Stiff penalty for abusive licence cheat

Rod licence dodgers could be in-line to face tougher penalties after an evader became one of the first ever to receive a community service order for his crime.

Law abiding anglers have bemoaned lenient sentences handed out to thousands of people caught without the correct documentation but the courts made a stand against the issue when Scott Riddle was ordered to do 50 hours of unpaid work and banned from the sport for a year.

The 29-year-old from Somerset was approached at his local docks by Environment Agency staff in January who asked to see his rod licence. He instantly became rude and evasive, giving a false date of birth and swearing before pushing past a bailiff.
Despite their best efforts to calm him down he continued in the same vain and was eventually handcuffed while police were called for assistance.

Appearing at Taunton Magistrates Court, Scott pleaded not guilty to fishing without a rod licence but guilty to obstructing an EA bailiff. He was subsequently found guilty of both offences.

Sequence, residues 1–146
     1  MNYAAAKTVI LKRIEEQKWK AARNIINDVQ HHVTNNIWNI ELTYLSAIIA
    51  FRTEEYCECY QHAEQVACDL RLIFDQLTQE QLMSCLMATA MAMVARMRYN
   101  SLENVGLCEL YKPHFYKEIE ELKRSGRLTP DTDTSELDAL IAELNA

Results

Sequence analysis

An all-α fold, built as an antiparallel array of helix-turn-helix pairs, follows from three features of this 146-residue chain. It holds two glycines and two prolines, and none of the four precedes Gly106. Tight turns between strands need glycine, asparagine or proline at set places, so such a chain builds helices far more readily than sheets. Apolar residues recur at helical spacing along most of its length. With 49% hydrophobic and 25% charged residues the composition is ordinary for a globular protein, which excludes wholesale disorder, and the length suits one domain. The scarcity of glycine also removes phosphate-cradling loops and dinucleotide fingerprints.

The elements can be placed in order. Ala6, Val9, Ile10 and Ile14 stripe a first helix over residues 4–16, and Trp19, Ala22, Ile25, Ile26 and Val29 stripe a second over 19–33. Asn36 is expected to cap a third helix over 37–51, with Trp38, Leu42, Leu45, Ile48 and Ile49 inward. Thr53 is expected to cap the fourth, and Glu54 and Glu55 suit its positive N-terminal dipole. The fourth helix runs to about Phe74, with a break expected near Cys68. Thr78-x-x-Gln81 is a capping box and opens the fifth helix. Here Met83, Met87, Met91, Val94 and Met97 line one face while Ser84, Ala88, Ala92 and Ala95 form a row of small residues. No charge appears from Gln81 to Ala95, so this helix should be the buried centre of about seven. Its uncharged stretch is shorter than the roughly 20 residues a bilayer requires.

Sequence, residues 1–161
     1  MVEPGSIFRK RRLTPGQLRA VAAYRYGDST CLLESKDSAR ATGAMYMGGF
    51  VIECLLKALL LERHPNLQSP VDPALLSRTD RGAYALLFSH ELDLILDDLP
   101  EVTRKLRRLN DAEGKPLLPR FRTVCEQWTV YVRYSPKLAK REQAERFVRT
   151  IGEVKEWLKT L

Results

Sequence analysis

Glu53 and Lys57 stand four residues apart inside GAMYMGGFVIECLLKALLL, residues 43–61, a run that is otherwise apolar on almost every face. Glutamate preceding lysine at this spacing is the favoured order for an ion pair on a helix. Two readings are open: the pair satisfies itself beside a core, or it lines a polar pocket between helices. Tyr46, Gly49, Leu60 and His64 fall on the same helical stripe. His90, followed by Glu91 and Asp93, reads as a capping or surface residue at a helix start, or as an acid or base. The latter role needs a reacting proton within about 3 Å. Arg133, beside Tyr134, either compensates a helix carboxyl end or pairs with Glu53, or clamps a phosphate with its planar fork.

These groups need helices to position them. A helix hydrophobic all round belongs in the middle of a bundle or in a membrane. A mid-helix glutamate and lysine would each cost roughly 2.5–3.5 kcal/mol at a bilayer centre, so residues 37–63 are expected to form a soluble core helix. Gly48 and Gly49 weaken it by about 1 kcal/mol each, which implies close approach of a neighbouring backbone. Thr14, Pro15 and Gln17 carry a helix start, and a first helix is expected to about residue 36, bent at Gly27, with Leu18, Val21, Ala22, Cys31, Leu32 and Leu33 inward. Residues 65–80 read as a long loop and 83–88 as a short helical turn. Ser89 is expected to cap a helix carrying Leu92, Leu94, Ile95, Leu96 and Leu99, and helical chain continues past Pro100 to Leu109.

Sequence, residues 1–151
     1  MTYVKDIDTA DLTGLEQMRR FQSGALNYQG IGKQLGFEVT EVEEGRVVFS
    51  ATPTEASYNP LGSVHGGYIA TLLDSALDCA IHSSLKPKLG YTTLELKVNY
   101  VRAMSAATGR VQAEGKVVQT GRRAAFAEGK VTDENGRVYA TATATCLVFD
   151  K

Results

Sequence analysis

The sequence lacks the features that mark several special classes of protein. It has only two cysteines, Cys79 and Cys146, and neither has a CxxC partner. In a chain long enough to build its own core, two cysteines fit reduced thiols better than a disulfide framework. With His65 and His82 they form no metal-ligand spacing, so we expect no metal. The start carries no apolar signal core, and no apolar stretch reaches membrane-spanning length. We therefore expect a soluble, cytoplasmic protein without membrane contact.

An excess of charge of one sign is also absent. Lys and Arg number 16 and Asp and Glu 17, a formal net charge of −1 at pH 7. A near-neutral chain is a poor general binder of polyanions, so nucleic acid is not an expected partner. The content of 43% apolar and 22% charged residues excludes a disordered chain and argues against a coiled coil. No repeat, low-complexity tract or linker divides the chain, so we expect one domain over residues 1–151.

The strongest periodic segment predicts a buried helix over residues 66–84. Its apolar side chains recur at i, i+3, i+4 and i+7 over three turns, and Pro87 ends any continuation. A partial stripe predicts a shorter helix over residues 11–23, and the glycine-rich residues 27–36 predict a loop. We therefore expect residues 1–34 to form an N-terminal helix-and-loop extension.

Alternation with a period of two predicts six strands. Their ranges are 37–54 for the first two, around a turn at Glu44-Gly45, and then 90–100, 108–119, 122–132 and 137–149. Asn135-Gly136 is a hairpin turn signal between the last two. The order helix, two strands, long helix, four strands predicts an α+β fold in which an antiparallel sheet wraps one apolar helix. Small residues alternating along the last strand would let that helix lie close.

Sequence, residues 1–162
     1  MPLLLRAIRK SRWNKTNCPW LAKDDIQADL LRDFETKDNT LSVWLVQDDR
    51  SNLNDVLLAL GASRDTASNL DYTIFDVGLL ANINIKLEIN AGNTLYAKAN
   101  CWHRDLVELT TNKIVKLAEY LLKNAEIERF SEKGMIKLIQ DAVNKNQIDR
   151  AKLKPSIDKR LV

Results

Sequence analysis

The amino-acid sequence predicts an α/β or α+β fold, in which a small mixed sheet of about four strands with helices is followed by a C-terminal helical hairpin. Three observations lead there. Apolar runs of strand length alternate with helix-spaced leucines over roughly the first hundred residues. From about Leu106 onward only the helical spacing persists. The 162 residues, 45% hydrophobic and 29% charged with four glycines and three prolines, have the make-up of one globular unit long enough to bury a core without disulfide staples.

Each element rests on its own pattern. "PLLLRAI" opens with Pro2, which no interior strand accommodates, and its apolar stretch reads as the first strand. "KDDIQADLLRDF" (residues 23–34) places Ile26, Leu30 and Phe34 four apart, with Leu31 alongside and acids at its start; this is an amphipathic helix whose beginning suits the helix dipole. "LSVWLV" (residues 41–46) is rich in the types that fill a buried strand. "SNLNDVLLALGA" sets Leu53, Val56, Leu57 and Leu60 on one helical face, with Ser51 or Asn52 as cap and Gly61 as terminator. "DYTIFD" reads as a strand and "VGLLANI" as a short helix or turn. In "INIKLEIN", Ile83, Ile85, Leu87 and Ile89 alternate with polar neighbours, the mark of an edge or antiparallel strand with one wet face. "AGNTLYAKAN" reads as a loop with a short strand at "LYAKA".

Officials confirmed the tough sentence was handed out as a result of the violent nature shown by the defendant and EA staff member Richard Dearnley said: “‘The defendant could have saved himself a lot of time and trouble if he’d purchased a licence and shown a little more  courtesy when approached by bailiffs.

“We watched him make five or six casts and there was no doubt he was fishing,” he added.

Since the conviction Angling Times have been inundated with comments on Facebook about the decision, and reader Andy Bristow said: “I don’t think this goes far enough. The fines should be at least £1,000 for the first offence. I’m currently unemployed so if I can afford a licence so can everyone else.”

Yorkshire’s Craig Brown also shared this view and believes good causes should benefit from criminals. He said: “Those caught fishing without a licence should get all their tackle taken off them and it should all be donated to charity.”

Others believe the punishment is too harsh, with reader Chris Warman from Newport adding: “Yes, he's committed an offence but a fine and naming and shaming should have been enough.”